15. Nwcid

    Nwcid Yakima and N of Spokane Well-Known Member

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    Never even thought of signing anything. In this neck of the woods things work on a handshake.

    I do see your point though.
     
  16. husker

    husker portland Active Member

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    I know of some land in N.E Portland that would be good to shoot on. Moving targets too. J/K.
     
    Wildcat and (deleted member) like this.
  17. deadshot2

    deadshot2 NW Quadrant WA State Well-Known Member

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    That wouldn't by chance be around NE 82nd would it? It used to be NE Union but I guess it went "Up Market" when they renamed it.;)

    In Seattle they already have a shooting range, rather a "free fire zone". On the map it's called Rainier Valley.
     
  18. Calirefugee

    Calirefugee Hillsboro OR New Member

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    If you end up buying land in Washington county, I'll give you $5.00 and clean up to shoot too!
     
  19. Klondike

    Klondike Portland New Member

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    A friend for years had a perfect shooting spot on his property that I was welcome to enjoy. A beautiful spot 150 yds into a box canyon with a creek and small pond. Then neighbors started moving in, city folk who called the Sheriff each time that they heard guns going off. The last time that i used the property, a deputy hiked in and asked to please save him the trouble of responding to a call each time that I went up there. I have complied but miss my spot.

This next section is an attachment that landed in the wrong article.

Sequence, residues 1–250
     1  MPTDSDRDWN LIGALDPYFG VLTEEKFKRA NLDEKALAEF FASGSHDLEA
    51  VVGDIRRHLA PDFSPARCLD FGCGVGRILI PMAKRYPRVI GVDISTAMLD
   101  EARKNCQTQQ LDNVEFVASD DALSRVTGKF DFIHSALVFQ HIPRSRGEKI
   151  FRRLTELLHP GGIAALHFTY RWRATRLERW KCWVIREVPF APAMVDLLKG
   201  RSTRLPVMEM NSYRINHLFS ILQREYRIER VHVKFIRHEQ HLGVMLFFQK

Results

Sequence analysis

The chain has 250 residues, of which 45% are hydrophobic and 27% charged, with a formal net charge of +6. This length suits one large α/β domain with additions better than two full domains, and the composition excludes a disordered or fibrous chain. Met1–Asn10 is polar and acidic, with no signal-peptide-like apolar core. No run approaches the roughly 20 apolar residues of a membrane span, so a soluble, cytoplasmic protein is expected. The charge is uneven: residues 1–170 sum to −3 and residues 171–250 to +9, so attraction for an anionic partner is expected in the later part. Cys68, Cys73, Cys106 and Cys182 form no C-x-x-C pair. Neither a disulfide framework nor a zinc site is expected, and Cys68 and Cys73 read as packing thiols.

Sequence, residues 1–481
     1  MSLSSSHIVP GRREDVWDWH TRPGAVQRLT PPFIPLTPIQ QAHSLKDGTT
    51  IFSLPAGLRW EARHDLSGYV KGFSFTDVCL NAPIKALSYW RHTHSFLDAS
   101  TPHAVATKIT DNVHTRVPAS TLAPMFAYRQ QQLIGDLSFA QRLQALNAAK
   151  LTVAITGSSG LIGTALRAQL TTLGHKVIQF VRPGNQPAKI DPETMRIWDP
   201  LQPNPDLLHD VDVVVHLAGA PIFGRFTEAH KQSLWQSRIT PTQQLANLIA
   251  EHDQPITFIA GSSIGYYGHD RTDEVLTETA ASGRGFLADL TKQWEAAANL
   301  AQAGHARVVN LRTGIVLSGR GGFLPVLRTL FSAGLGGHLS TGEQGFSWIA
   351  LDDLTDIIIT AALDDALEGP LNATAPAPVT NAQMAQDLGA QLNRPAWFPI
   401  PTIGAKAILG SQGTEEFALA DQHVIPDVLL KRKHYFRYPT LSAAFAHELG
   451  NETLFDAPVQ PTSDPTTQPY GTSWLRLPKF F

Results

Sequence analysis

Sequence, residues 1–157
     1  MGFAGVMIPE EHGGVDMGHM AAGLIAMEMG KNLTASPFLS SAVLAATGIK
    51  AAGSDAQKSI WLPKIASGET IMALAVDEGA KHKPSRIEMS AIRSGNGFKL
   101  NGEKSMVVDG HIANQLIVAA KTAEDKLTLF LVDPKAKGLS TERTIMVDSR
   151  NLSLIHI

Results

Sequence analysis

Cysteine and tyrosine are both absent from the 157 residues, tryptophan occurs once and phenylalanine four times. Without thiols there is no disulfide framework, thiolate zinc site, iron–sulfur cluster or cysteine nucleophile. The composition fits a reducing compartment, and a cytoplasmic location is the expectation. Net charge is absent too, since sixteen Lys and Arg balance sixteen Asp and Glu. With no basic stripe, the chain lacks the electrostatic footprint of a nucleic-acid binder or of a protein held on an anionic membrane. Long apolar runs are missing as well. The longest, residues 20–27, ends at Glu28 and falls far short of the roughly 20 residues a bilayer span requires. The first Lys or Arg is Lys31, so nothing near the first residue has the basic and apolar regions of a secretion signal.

Keep this in mind if you look at property.
     
  20. lonegunman

    lonegunman Eastern Washington Active Member

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    Before I fell to my knees and groveled to some random deputy, I'd ask a few questions.

    Is it legal to shoot on private property in that area? If so I'd thank him and ask him to leave the property, especially if there is a safe back stop.

    Neighbors do not have the right to enjoy your property as their own. That being said, I'd ask who was complaining especially if they were a considerable distance away. Chances are they will be offended with anything gun related.

    My buddy has 30 acres and the person who complained constantly about the noise lived nearly 3/4th of a mile away on property that was not joined to his property. He was shooting the other direction and into a solid back stop, the deputy stopped by and had no problems with it.